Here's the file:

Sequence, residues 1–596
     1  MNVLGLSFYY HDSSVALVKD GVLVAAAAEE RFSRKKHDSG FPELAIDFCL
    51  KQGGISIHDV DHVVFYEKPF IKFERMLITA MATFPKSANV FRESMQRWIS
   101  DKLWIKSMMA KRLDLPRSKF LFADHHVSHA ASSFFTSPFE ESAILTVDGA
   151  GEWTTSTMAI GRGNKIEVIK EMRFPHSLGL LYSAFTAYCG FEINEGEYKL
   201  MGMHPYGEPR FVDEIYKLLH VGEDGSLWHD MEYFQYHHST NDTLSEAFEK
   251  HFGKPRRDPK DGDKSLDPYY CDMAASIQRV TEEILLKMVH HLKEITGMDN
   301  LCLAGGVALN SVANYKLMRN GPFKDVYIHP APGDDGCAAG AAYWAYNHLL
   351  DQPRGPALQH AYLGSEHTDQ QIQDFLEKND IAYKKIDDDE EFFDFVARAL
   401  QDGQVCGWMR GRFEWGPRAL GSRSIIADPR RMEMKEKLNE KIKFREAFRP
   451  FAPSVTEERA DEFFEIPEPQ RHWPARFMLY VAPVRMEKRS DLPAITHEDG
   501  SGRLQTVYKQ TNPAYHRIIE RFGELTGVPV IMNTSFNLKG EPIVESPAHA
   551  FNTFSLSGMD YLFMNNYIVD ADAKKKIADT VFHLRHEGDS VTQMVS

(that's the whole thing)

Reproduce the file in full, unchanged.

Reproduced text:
Sequence, residues 1–596
     1  MNVLGLSFYY HDSSVALVKD GVLVAAAAEE RFSRKKHDSG FPELAIDFCL
    51  KQGGISIHDV DHVVFYEKPF IKFERMLITA MATFPKSANV FRESMQRWIS
   101  DKLWIKSMMA KRLDLPRSKF LFADHHVSHA ASSFFTSPFE ESAILTVDGA
   151  GEWTTSTMAI GRGNKIEVIK EMRFPHSLGL LYSAFTAYCG FEINEGEYKL
   201  MGMHPYGEPR FVDEIYKLLH VGEDGSLWHD MEYFQYHHST NDTLSEAFEK
   251  HFGKPRRDPK DGDKSLDPYY CDMAASIQRV TEEILLKMVH HLKEITGMDN
   301  LCLAGGVALN SVANYKLMRN GPFKDVYIHP APGDDGCAAG AAYWAYNHLL
   351  DQPRGPALQH AYLGSEHTDQ QIQDFLEKND IAYKKIDDDE EFFDFVARAL
   401  QDGQVCGWMR GRFEWGPRAL GSRSIIADPR RMEMKEKLNE KIKFREAFRP
   451  FAPSVTEERA DEFFEIPEPQ RHWPARFMLY VAPVRMEKRS DLPAITHEDG
   501  SGRLQTVYKQ TNPAYHRIIE RFGELTGVPV IMNTSFNLKG EPIVESPAHA
   551  FNTFSLSGMD YLFMNNYIVD ADAKKKIADT VFHLRHEGDS VTQMVS